I woke up this morning in a special kind of mood. One where your husband can already tell its time to go to work before my head spins three more times. It is spring break this week and my children are #blessed to be dressed and fed before ten. The grocery store has not seen my face in a while, and my refrigerator will show you that. When I woke up today I was mad that I didn’t plan well, or at all. I had no idea what I was going to make for breakfast, and I was pretty sure it was going to be sugar and extra carbs (all the things that made the invisible bad parent list).

Once my two precious children woke up and demanded asked politely for their breakfast, I made the super spontaneous desperate decision to go to our local Mexican food restaurant that serves our favorite breakfast. I was so hard on myself in my thoughts and knew for sure this lack of planning all week put me in the worst mom category. No beautiful breakfast spread? No protein and fruit to balance the day? I was failing already and it wasn’t even lunch time yet.

When we go to our tiny town restaurant we usually bring card games so that my boys will not have another excuse to run round and act like they don’t know how to sit down. We started our drink order and our game of UNO and suddenly my mom dilemma of spring break breakfast disappeared. We actually had fun! I sipped on coffee, and the two boys had the most intense and hysterical game of UNO I have seen in a while. We played, and we ate.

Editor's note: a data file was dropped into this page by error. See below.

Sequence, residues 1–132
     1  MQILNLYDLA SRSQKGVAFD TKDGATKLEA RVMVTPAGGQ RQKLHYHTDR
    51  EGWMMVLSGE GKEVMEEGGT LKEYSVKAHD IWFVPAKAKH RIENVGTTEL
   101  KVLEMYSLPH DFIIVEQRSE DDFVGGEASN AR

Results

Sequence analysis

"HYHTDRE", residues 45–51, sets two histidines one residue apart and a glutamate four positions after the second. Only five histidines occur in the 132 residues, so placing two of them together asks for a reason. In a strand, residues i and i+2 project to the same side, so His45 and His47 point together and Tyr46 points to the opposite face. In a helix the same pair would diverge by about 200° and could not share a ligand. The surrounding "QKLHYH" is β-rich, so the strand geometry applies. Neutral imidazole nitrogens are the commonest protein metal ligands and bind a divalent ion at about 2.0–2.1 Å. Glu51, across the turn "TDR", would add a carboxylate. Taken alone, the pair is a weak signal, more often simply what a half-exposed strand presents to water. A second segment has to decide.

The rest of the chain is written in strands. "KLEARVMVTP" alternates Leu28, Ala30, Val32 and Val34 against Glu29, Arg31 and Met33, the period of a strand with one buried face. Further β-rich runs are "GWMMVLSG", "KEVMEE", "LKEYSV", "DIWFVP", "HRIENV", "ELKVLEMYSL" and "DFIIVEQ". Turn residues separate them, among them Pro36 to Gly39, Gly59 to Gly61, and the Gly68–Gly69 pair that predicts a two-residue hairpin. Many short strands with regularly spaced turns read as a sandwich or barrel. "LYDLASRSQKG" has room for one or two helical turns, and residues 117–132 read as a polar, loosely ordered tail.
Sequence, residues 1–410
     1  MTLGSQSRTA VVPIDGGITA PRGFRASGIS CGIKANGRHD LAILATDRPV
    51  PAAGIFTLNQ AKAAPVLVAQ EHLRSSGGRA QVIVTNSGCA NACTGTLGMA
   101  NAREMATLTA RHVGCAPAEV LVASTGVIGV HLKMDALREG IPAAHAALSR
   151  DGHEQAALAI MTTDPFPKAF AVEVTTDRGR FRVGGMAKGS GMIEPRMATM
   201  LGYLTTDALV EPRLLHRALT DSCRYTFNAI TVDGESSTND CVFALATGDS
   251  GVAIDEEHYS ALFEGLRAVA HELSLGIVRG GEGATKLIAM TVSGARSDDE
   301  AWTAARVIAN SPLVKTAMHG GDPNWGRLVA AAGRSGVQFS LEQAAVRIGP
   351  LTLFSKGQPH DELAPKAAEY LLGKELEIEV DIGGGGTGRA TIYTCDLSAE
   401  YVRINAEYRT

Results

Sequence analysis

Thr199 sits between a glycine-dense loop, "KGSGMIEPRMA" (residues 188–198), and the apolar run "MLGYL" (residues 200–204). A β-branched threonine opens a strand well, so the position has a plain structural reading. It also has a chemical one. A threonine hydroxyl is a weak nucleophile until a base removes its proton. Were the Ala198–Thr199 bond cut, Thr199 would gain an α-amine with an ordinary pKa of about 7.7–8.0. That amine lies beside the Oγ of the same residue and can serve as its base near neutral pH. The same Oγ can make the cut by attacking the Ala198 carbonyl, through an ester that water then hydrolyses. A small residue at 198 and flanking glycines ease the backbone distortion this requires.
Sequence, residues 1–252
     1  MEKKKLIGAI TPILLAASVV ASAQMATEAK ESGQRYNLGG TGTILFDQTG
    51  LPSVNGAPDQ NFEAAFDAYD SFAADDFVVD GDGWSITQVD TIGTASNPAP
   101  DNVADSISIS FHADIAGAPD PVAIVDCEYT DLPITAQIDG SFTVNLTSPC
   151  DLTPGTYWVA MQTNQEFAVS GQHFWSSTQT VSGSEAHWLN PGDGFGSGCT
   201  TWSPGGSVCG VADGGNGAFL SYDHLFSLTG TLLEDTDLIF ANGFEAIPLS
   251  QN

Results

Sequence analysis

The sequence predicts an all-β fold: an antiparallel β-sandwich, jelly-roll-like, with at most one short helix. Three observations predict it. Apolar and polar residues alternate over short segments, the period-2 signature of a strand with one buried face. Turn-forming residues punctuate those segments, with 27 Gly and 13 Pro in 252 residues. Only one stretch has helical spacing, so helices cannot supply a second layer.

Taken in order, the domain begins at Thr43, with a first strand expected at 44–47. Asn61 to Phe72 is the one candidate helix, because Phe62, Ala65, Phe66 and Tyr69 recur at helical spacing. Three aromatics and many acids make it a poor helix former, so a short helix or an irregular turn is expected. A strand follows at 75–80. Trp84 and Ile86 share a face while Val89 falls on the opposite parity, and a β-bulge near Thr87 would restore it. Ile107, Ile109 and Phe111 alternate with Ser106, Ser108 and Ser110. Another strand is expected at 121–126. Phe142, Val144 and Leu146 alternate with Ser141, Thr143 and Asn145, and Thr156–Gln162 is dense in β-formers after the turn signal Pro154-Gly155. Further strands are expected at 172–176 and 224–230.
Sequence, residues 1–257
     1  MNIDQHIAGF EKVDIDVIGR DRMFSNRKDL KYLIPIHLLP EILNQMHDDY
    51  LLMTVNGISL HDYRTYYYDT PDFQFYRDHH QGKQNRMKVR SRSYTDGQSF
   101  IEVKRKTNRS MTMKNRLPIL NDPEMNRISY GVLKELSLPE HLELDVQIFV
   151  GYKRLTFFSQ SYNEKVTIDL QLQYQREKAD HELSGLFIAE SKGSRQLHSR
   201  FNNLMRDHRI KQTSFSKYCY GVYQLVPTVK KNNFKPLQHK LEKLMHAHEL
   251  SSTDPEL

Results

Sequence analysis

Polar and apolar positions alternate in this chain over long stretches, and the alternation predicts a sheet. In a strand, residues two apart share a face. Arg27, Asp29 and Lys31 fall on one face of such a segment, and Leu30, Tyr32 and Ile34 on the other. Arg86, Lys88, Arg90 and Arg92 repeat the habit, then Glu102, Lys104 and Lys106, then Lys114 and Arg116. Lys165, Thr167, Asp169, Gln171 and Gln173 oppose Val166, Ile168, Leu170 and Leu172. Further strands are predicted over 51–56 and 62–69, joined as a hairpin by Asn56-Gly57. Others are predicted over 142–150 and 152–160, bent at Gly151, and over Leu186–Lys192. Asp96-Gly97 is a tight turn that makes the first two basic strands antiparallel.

After a while this saint of an older man walked by our table as he was going to pay for his food. He stopped for a minute, introduced himself to my boys and I, and asked if they were brothers. Yep! Sure are! He began to use the most encouraging voice and told them how he would never know that because they were the most well behaved, polite boys. Wait for it though…he finished and said “that doesn’t just happen you know. That is thanks to this lady right here and her hard work!”. ME! ME! He was talking about me you guys! He then went on to pay for his meal and circled back around to our table, and in the most sincere voice told me “you know, if there was an award for the best parent ever, you would have that!”. I told him I would gladly accept, and then of course had to include that I for sure do not earn that award each day (because parenting).


Can we all see the irony in this? I literally spent the first two hours of my day mentally beating myself up for what I had not accomplished yet, or what I thought I should have together. Because of BREAKFAST FOOD!

And there I sat in the restaurant doing the best I could do in the moment (which was survive) and this sweet man gave my heart exactly what it needed.